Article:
My Minotaur and Horsechild

Amy and I collect contemporary art. If you’ve been in my office, or my house, or many of the companies in Boulder we’ve invested in, you’ve probably seen some of it. We ran out of wall space long ago and now have a bunch of it in storage. So we started collecting sculpture a few years ago.

Sculpture is a lot harder for us – we know what we love when we see 2d art so it’s a quick decision. But we have different tastes in sculpture and struggle with “do we like it” or “do we love it.” We subscribe to the “buy it if you love it and want to live with it” approach and don’t really care what the future value potential is. Some of our art has gone up a lot in value, so I suppose we are probably considered good value collectors, especially since we often buy early in an artist’s career and then keep buying deep when we find artists we love. But that’s not why we do it.

One of our favorite places to hang around in New York is the Chelsea gallery district. Many of the galleries are priced out of our zone, but we’ve made friends at a few like Danese and have bought regularly from them. Others, like Bertrand Delacroix, are regular stops for us when we are into.

Yesterday we wandered into Bertrand Delacroix. I immediately fell in love with two pieces by Beth Carter – the red Horsechild above and the Minotaur below. We now own both of them – the Horsechild will keep me company in my office and the Minotaur will guard my office door.

  • that will guard you well!

  • what material are they made of? they seem to be different, I’d say “cooked” and raw clay for the horsechild and minotaur, respectively…

    the minotaur is superb.

    • Resin. The Minotaur is Iron Resin and the Horsechild with Resin with red pigment.

  • The minotaur in your wait room? That’s for sure a door opening conversation. 

    Just noticed your Duderino label. Cool.
    What do you get with you put a Duderino, a Minotaur and a Horsehild in the same room? Lots of crazy fun and weird startups! 

    • Indeed. Weird = good.

      • Absolutely. Weird is good. Weird = creative. Like the creatures. You can’t stop looking at them and thinking- that artist is bold and creative.

  • What is your advice on getting art authenticated? I have what I think is a Picasso drawing I bought 7 years ago.

  • CliffElam

    That is a great picture.

    I do not envy, mostly, rich people, but I would love to own real art that I love, and not just beautiful picture books of art that I love.

    Next life maybe.  I’ll go run do a good deed and find a better place on the wheel of life.


    • One of the amazing things about art is that you can enjoy it without owning it. There are many many artists that I love but haven’t a prayer of being able to afford to buy their work. But, when I wander around the MOMA and I see them, I smile.

      • CliffElam

        Well, all we have here in Durham is the Nasher, which is better than nothing, and I often stop in there after running (it seems to offend the curators) and look.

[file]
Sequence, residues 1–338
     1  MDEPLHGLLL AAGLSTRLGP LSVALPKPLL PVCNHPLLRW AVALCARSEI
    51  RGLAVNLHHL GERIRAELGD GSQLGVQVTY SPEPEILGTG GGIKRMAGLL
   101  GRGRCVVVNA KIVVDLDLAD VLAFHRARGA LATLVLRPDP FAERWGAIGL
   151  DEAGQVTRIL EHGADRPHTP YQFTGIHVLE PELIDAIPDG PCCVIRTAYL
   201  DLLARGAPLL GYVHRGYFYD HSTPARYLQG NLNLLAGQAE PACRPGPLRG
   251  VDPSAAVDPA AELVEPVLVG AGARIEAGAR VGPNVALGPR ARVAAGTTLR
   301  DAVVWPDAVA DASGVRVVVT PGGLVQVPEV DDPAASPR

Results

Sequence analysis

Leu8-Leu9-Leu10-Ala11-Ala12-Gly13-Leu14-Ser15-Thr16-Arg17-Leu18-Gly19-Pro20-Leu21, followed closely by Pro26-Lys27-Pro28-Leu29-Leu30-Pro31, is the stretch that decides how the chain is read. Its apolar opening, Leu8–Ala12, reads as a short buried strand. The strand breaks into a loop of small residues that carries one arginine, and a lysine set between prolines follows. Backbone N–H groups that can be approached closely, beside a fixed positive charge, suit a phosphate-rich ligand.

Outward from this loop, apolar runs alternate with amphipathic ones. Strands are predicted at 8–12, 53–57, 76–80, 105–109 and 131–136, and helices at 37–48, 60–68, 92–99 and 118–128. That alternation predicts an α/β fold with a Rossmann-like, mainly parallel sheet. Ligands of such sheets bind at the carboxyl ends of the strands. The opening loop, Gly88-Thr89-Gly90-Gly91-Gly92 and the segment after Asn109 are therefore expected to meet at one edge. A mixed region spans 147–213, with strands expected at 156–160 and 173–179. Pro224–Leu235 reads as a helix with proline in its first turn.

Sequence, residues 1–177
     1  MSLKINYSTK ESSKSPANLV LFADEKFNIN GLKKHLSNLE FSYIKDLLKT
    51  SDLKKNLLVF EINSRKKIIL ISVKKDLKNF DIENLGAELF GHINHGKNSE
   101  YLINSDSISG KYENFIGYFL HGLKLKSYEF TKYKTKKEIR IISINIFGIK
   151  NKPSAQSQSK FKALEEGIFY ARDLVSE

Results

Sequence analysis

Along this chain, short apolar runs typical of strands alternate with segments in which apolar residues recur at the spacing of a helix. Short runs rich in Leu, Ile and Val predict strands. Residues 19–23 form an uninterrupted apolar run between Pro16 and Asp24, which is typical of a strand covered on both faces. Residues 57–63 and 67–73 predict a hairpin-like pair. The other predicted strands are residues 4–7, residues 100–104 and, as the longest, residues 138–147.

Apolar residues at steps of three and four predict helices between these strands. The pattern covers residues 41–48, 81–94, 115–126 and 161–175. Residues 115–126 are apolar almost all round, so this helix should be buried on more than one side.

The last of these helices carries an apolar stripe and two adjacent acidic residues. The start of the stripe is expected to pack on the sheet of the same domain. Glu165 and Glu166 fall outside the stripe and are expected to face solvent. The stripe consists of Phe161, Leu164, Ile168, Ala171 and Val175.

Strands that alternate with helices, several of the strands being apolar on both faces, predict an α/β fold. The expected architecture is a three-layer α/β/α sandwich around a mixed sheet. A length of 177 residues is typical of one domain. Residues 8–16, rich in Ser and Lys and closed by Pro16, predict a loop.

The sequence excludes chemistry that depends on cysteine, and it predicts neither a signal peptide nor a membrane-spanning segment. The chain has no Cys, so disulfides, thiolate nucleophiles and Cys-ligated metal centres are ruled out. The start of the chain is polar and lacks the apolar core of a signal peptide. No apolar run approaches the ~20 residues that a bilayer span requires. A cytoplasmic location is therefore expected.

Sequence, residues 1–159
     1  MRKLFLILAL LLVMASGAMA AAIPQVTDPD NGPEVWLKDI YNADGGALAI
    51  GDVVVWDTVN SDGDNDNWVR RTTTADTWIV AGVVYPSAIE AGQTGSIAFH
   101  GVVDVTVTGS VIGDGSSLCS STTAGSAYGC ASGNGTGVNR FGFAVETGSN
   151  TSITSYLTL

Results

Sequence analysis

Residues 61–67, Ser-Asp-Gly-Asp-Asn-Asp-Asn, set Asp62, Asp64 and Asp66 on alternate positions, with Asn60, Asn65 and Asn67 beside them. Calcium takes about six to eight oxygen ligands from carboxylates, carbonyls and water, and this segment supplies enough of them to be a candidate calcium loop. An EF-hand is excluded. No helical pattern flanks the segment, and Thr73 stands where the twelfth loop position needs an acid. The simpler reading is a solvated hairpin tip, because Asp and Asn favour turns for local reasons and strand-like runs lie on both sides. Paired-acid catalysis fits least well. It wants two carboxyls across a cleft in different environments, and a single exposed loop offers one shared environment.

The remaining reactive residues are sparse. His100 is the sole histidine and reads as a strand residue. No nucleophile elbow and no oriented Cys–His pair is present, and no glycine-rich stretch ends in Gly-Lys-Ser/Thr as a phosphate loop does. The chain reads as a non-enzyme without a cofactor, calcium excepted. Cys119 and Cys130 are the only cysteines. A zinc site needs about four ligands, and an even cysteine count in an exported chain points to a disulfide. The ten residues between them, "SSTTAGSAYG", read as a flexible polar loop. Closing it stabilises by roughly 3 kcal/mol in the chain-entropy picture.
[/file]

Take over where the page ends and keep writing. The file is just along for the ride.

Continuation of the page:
But my fantasy is no longer a 275 GTB/4, it’s something really amazing in the corner of the California room that I can look at in the morning before everyone else gets up.

        Someday, maybe.


  • Tip for those who don’t feel they can afford originals: go to the final show of art colleges.  There is a huge amount of work for sale, some of it is great and you can afford to just take a chance.  We have collected for years and some of our favorite pieces are still ones we bought at student shows in London.

  • btw: you’re looking pretty lean.  That ultra running is starting to pay off.  🙂

    • Thx – down about 20 pounds. I’d like to drop about 10 more.

  • Ezra Nanes

    Brad, I’m a newcomer to your blog. I’ve been reading a bunch
    of posts the last couple of weeks, but this is the one I keep coming back to. I
    think it reveals the consistency in your way of thinking and doing, and I
    appreciate that.

    When I look at the images of the two pieces, and you with
    them, I am struck by the physical immediacy of the works and their impact on
    you. They have transmitted something that has physically moved you – inhabited
    you. To me, this speaks to the power of the interface. You have moved off of
    the wall and in to 3d space, and suddenly the game has changed.

    One of the challenges you address in your blog and your
    investing (I am taking a liberty here) is the question of how to create this
    kind of immediacy and visceral relationship between an enterprise and its
    customers, how to translate data/content/essence/emotion from silicon to flesh
    and blood and action – how to move from 2d to 3d and bring it all to life.

    These two works suggest a kind of key. They are mysterious
    and magical – a total disruption of the norms of human anatomy. They are a 3d
    printing of the artist’s soul, avatars, that enable you to create content
    through a physical interface.

    Picking up on the theme of the comments by William Mougayar, I predict they will become contributing members of the Foundry Group team, inciting visitors to your office and igniting
    conversations that lead through wormholes to new universes of possibility.

    Congrats on your purchases, and enjoy them!!

    • Super insightful reaction. I read it with a smile!

      • Ezra Nanes


  • Great post, what kind of shoes are those btw? They remind me of these I just got

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